“How might markup make texts easier to use?” Rebelsky wonders. “How could it obscure information? Can we write a program that will scan a text and figure out the average number of adjectives per sentence? Do we learn something from doing that, computationally or otherwise?” Class projects may include digital mapping and writing code that generates text.
Diversity a Priority
Grinnell’s Computer Science Department has long been committed to diversifying its population of CS majors. Currently, 33% of CS majors at Grinnell are women, compared to 18% nationally. (Incidentally, the percent of female CS majors in the U.S. is the smallest across all STEM fields, according to the Department of Education.) Rebelsky and his colleagues aim to increase Grinnell’s percentage to at least 52, equivalent to the percentage of female students at the college—as well as to attract more domestic students of color to the major.
How will they effect such change? There’s no silver bullet, as participation rates are affected by complex structural and social barriers—but researchers have identified a few crucial interventions: emphasizing creative problem-solving in introductory CS classes (rather than pure programming) and including topics that show how computing can benefit society; fostering a supportive peer culture; creating positive faculty-student interactions; and expanding access to computer science in K-12 public schools.
Rebelsky’s doing all of this and more. Besides redesigning the intro course, he’s had a diversity staff member observe nine of his classes to make sure he uses inclusive teaching strategies, and he actively supports the department’s student mentorship program, noting that it serves an important purpose for new and underrepresented students: “Most people need nudging at the beginning, and knowing that you’re not alone is important, particularly if you don’t look like the people around you.”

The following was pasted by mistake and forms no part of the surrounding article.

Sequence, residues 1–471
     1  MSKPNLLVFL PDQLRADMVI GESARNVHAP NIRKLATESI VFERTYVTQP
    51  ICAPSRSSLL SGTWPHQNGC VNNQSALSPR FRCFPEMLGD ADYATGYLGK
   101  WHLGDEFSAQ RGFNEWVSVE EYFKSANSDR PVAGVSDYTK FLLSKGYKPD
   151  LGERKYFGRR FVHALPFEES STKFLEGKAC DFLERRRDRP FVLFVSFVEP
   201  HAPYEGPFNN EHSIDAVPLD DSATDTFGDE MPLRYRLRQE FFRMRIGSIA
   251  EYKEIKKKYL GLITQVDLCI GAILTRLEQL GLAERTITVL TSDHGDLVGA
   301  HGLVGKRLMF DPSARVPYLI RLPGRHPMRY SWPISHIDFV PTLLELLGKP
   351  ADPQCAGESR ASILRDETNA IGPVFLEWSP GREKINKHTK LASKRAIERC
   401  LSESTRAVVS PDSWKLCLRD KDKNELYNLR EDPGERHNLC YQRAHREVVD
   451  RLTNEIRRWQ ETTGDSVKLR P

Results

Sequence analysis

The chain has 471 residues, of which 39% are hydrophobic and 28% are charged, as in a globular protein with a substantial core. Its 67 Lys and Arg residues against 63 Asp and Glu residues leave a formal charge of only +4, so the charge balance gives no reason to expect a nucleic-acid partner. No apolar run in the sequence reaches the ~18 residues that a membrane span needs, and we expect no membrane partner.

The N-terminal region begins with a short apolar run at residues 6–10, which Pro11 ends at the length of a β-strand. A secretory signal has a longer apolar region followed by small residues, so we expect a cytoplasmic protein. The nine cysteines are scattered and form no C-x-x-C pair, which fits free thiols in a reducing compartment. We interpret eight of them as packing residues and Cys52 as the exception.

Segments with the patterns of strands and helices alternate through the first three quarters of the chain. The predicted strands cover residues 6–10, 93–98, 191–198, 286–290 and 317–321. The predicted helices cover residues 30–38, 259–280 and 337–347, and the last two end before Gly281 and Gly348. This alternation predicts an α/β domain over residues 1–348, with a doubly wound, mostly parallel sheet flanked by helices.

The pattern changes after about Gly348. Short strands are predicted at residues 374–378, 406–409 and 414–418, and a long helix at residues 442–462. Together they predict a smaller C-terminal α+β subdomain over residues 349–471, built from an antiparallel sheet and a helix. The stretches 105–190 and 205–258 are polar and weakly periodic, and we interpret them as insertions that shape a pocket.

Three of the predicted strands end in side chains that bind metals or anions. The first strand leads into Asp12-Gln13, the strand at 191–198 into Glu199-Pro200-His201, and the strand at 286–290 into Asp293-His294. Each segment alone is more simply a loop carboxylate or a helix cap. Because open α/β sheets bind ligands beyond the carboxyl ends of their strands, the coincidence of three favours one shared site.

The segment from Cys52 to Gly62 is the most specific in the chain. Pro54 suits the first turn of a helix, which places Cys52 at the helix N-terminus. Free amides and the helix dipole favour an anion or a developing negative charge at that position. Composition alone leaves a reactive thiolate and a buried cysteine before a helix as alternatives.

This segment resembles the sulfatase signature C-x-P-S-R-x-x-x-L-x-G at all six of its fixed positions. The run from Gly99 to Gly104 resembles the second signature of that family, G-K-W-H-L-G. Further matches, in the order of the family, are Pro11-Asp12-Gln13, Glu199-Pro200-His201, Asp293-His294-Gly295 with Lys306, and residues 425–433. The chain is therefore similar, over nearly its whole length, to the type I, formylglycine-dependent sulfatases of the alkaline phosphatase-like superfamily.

As for reaching out to kids? He’s doing that, too.
When, in 2015, he learned that there were no middle-school coding camps in Iowa, Rebelsky requested funding to organize a series of low-cost summer coding camps for students in fourth through ninth grades on the Grinnell campus.
“It feels so out of my comfort zone to do it,” he laughs—“I’m a fairly extreme introvert.” Happily for Sam, Grinnell CS majors serve as camp counselors (sporting “This Is What a Grinnell Computer Scientist Looks Like” t-shirts), with Rebelsky acting as a mentor. The camps introduce students to computer technology and programming, training them in problem-solving and computational thinking via fun projects with real-world objectives. For instance, the 2017 “Data Science for the Social Good” camp opened with an exercise in which campers designed strategies to reunite family members after an emergency.
“We saw great success in having students consider social issues in their work,” he recalls. “Particularly as computing can affect society in so many ways, code camps should show students the positive effects they can have.”
Solving (More) Problems & Building (More) Things
Rebelsky will use his 2019–20 sabbatical leave to compile a computer science textbook aimed at digital humanities–themed intro courses. He’ll also organize the data that he and his students have collected from the middle-school camps and return to his longstanding interest in computational artmaking. He and his students have already developed an open-source, web-based app—the Mathematical Image Synthesis Toolkit—that allows users to make visual art through computing. A synesthetic student of his recently used it to create an animation showing what he saw as he heard different sounds.
Rebelsky firmly believes that all students should be exposed to CS, even if it’s not their major field of study: “Programming gives you immense power. If you know how to compute, you can build technology that can help people advocate for themselves and their community.” Plus, he says, smiling, “It’s fun to solve problems, and it’s fun to build things!”
Photo of Grinnell's summer coding camp courtesy of Justin Hayworth. Photo of Rebelsky at Obermann Center courtesy of Stacy Ramirez.